We have all seen emails that promise to deliver you money, gold and riches for only pennies. During the infancy of the Internet, many of us were tricked into believing some of these scams. As time goes on and we become more aware of these scams, most of us no longer get “duped” by these scams. This resulted in a huge financial loss to the scammers of the world. As a result, many of the scammers are rising to our intelligence. They are becoming increasingly more sophisticated with their social engineering techniques.
We are now at the infancy of the iPad and before the iPad was released to the public, scammers were busy devising ways to take advantage of early adopters. The Better Business Bureau (BBB) warns eager shoppers to stay away from offers to become a “tester” just to get a free iPad.
Apple announced the iPad in January and US customers were able to pre-order in March for the April release. Unfortunately, Apple bumped the delivery date for later orders and as a result rumors started circulating that the company did not have enough iPads to meet pre-order demand. This presented an opportunity for scammers. Scammers started spamming our email and offering that “You can become a tester or researcher and get an iPad for free!” This is a deal that sounds, and definitely is, too good to be true.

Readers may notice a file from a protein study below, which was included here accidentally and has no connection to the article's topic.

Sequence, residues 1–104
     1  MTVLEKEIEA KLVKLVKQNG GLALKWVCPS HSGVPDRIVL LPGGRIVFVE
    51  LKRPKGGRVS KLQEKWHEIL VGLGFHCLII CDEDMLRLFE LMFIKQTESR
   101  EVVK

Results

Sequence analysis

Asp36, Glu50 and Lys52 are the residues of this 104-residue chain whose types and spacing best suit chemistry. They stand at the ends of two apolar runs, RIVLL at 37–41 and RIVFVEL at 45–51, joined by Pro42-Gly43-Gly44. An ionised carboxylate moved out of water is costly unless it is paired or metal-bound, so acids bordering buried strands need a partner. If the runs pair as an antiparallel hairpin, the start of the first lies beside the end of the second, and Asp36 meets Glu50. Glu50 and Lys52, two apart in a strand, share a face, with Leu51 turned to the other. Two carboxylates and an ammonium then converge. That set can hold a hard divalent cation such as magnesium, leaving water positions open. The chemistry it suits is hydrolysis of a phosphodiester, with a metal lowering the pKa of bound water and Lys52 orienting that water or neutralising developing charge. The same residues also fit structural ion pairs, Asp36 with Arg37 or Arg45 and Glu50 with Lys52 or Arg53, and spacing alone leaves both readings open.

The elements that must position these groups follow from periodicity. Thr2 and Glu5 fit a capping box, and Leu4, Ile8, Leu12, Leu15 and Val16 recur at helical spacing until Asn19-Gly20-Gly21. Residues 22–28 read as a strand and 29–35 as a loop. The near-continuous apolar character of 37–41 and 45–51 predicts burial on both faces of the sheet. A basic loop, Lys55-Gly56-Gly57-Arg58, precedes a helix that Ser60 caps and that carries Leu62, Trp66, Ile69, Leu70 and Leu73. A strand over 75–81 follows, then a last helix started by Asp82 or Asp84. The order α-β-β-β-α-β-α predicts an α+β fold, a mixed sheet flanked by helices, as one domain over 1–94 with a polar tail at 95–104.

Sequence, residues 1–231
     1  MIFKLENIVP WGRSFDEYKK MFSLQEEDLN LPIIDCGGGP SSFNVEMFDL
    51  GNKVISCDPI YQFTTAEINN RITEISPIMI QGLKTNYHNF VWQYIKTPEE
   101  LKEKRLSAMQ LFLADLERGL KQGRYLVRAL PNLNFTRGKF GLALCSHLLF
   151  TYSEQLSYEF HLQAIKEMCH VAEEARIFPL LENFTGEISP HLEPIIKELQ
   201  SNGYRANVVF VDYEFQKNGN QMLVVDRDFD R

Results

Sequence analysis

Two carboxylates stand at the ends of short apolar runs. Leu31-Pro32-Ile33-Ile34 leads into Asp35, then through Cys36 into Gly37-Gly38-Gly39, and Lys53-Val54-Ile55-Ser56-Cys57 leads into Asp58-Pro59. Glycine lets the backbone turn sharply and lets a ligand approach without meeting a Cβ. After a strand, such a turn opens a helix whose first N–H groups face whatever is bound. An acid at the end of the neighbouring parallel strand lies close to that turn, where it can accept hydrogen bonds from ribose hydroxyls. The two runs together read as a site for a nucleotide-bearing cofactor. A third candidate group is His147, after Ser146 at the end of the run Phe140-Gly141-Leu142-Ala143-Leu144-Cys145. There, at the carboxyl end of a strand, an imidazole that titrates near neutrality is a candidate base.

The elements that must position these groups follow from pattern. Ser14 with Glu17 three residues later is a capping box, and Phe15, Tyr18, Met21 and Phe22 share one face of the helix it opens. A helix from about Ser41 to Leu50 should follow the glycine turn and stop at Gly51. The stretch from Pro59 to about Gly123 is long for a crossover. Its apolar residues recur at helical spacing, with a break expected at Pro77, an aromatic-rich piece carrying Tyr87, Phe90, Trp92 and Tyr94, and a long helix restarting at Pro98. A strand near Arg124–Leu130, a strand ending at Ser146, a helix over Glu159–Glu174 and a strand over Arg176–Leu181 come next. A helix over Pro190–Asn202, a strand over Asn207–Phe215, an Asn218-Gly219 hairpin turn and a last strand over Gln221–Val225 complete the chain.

Tech Web site GeekSugar.com recently warned about spam emails requesting product testers for the iPad. The email directs you to the Web site Testitandkeepit.com which claims that they are looking for people to test the iPad for a couple months, and as compensation you get to keep the iPad. The biggest red flag with this offer is that you have to provide your email address and password in order to “tell your friends.”
Offers to become a tester on Facebook have also cropped up but with a different intent. As software company Sophos explains in an online video, the Facebook page “iPad Researchers Wanted—Get an iPad Early and Keep It” was designed to trick people into signing up for a cell phone subscription service that cost $10 a month. Sophos alerted Facebook to the page—which had already racked up more than 3,500 fans—and it was taken down, but users should be on the lookout for similar offers.
Not all bogus offers come under the guise of becoming a tester, McAfee reported on their security blog that spam emails are circulating that offer free iPads—the catch is that you have to buy items first and provide your credit card number.
If you’re planning to buy an iPad, the BBB recommends shopping through an authorized retailer or directly with Apple. Eventually a secondary market for the iPad will spring up online on sites like Craigslist; if you plan on buying an iPad secondhand, purchase it from someone local and never wire money as payment.
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